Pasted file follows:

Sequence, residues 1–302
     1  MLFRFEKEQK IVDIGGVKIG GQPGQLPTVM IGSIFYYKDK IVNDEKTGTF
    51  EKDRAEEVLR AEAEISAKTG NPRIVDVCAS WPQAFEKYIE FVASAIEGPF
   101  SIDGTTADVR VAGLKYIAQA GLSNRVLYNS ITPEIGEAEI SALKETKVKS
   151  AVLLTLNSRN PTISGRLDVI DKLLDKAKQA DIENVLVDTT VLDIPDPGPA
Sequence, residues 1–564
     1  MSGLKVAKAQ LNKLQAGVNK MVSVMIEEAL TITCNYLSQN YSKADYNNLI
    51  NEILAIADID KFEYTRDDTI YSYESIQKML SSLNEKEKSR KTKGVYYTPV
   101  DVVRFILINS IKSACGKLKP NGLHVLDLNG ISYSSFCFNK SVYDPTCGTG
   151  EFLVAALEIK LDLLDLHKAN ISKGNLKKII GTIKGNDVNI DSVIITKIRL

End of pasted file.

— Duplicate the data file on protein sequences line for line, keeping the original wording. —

Sequence, residues 1–302
     1  MLFRFEKEQK IVDIGGVKIG GQPGQLPTVM IGSIFYYKDK IVNDEKTGTF
    51  EKDRAEEVLR AEAEISAKTG NPRIVDVCAS WPQAFEKYIE FVASAIEGPF
   101  SIDGTTADVR VAGLKYIAQA GLSNRVLYNS ITPEIGEAEI SALKETKVKS
   151  AVLLTLNSRN PTISGRLDVI DKLLDKAKQA DIENVLVDTT VLDIPDPGPA
Sequence, residues 1–564
     1  MSGLKVAKAQ LNKLQAGVNK MVSVMIEEAL TITCNYLSQN YSKADYNNLI
    51  NEILAIADID KFEYTRDDTI YSYESIQKML SSLNEKEKSR KTKGVYYTPV
   101  DVVRFILINS IKSACGKLKP NGLHVLDLNG ISYSSFCFNK SVYDPTCGTG
   151  EFLVAALEIK LDLLDLHKAN ISKGNLKKII GTIKGNDVNI DSVIITKIRL